I-70/71 split options are narrowed
By SUE HAGAN
ThisWeek Staff Writer
The Ohio Department of Transportation has reached agreement with the city of Columbus on how to reconfigure the east section of the Interstate 70/71 split downtown, but more study is being done to the section that will affect traffic flow in and out of German Village.
Last week, ODOT announced its plans for the leg of the split that extends along I-71 from roughly I-670 to just south of Main Street.
"Under our proposal, we eliminate the Broad Street exit," said ODOT spokeswoman Michelle May. "We'll still have Spring Street and Main Street (exits) ... and will use cross streets parallel to the city streets to connect people" to those exits.
The plan for the east side of the split calls for creating one-way connector roads along the existing Parsons and Lester streets, which run alongside I-71; Parsons will be northbound, and Lester southbound.
According to ODOT, the streets will provide access to both the freeway and downtown streets.
"That's the only option being considered for that section," said May. "Over the next six months we'll work with the community to refine that design," she said, adding that ODOT will try to position the connectors closer to the freeway and possibly limit them to two lanes.
May said conversations with neighbors will help decide enhancements, such as a possible cap over part of the freeway, similar to that over I-670 along High Street.
On the other side of the split, which covers the section where I-70 and I-71 overlap, state and local officials remain divided over the options, May said.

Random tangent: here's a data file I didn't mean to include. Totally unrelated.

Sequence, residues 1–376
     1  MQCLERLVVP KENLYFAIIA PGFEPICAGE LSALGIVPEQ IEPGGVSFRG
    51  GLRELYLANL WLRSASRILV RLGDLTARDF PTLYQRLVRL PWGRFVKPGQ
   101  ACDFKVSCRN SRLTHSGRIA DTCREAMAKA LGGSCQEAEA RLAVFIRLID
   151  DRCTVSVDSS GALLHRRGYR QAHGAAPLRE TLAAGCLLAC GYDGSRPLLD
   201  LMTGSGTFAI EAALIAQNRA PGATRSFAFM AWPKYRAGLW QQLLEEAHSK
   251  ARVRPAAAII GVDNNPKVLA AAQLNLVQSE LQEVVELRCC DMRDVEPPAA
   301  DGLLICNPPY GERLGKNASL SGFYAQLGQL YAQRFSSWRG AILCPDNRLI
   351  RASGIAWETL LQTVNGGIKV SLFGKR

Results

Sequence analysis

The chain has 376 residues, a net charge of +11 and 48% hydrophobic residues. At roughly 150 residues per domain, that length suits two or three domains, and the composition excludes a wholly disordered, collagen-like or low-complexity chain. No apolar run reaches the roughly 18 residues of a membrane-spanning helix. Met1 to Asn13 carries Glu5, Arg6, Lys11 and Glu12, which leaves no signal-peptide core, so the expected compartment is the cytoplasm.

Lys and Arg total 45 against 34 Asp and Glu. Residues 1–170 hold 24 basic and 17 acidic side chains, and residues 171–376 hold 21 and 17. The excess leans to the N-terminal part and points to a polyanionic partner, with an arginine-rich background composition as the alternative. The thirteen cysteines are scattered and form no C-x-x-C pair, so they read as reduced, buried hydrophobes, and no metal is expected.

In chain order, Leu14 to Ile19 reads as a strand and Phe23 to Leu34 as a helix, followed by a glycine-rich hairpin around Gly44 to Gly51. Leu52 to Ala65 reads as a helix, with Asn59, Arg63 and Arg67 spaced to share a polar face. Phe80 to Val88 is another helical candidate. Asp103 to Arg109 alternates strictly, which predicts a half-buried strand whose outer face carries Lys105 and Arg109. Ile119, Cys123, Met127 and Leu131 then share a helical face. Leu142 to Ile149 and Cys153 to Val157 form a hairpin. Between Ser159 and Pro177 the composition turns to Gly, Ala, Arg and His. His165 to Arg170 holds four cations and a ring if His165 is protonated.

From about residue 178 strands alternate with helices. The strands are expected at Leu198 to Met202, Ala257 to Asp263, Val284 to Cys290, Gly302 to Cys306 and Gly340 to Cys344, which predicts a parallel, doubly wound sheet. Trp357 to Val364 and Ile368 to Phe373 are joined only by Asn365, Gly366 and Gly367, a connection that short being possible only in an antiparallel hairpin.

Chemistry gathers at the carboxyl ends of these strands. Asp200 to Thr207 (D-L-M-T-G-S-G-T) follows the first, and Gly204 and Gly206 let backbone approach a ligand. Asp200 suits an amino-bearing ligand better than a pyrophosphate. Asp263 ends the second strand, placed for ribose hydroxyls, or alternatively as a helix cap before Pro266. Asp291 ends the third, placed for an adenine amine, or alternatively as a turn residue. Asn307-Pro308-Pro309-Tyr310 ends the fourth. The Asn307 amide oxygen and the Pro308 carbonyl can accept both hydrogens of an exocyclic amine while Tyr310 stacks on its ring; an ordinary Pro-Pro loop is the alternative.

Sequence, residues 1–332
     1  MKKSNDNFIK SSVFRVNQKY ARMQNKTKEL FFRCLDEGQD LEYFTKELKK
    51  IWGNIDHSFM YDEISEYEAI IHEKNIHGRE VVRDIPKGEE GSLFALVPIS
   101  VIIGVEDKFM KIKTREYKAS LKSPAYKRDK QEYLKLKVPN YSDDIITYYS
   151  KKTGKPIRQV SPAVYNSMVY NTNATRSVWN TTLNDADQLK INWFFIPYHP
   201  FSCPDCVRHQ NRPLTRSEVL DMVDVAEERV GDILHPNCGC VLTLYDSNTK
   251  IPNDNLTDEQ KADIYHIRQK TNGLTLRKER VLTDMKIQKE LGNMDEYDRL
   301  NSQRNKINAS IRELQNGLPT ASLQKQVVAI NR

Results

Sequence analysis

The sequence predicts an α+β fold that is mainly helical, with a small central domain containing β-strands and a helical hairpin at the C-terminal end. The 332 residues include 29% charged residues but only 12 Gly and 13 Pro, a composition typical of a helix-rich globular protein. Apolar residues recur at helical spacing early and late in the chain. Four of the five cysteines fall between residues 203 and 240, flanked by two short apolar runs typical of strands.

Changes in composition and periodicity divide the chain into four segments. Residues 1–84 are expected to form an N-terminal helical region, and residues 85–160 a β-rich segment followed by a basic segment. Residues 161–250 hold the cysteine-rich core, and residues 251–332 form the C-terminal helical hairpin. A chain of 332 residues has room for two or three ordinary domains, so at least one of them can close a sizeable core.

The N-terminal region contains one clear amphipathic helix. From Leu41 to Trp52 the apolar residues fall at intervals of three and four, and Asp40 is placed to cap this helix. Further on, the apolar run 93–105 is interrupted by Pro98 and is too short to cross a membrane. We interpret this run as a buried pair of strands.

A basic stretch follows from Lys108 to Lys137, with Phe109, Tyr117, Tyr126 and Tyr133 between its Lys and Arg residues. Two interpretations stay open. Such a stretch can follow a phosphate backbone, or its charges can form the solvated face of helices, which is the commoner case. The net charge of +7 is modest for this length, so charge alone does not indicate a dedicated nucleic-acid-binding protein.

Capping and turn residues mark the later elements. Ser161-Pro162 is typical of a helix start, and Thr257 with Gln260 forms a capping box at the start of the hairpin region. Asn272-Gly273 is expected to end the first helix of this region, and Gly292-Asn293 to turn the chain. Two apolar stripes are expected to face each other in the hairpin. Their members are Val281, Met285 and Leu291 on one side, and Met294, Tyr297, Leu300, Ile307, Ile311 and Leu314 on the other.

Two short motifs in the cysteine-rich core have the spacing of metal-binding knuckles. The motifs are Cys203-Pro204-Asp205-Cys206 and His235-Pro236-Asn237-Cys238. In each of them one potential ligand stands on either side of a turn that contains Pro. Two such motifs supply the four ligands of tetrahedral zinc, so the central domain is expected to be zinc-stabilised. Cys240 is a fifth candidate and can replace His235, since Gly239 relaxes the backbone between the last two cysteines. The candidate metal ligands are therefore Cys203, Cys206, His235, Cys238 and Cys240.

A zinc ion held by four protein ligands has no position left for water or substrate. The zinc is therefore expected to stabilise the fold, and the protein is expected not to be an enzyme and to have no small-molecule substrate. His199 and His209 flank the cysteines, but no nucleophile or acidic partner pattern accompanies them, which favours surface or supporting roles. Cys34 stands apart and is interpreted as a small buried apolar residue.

ODOT is recommending two alternatives, which would reconstruct one-way connectors along Livingston and Fulton streets or along Mound and Fulton streets. Both configurations are similar to what ODOT is planning with Parsons and Lester.
However, City and county officials want ODOT to continue studying a third option called the Grand Boulevard, which would build a two-way city street over the westbound lanes of I-70.
But ODOT officials say the Grand Boulevard has a lower safety rating, "constructability flaws" and is more expensive. According to an ODOT news release, the design requires closing off downtown access during construction, diverting trucks and cars from the freeway onto downtown streets past the construction zone.
The Grand Boulevard option also would increase construction costs by about $100-million above the projected $675-million cost.
"We'll be holding a workshop with state and national experts to ... decide between these options," said May.
While German Village officials are not specifically opposed to the options being proposed for the south section of the split, they don't want traffic flow into the village obstructed.
"We consider the main entrance into German Village to be Third Street," said Jody Graichen, director of historic preservation programs for the German Village Society. "We want to know how that (the reconfiguration) would change that. ... We're concerned about our connectivity to downtown."
According to maps of the options, Third Street, along with High and Front streets, would still provide access to German Village. But the way those roads connect to the east-west collector streets (Mound and Fulton, or Livingston and Fulton) could interrupt traffic flow directly from downtown into German Village.
Graichen also said noise and pollution during construction, along with temporary detours, are a concern.
"We get a lot of travelers from downtown, and tourists," she said.
May said all the alternatives untangle the I-70/71 overlap by rebuilding the interchanges at state Route 315 and I-71 and changing the location of travel lanes for each highway.
According to ODOT, the downtown split is one of the most congested, high-crash freeways in the state. It carries about 175,000 vehicles a day -- 50,000 more than it was designed for in the 1950s. Statistics show that about 800 crashes occur per year.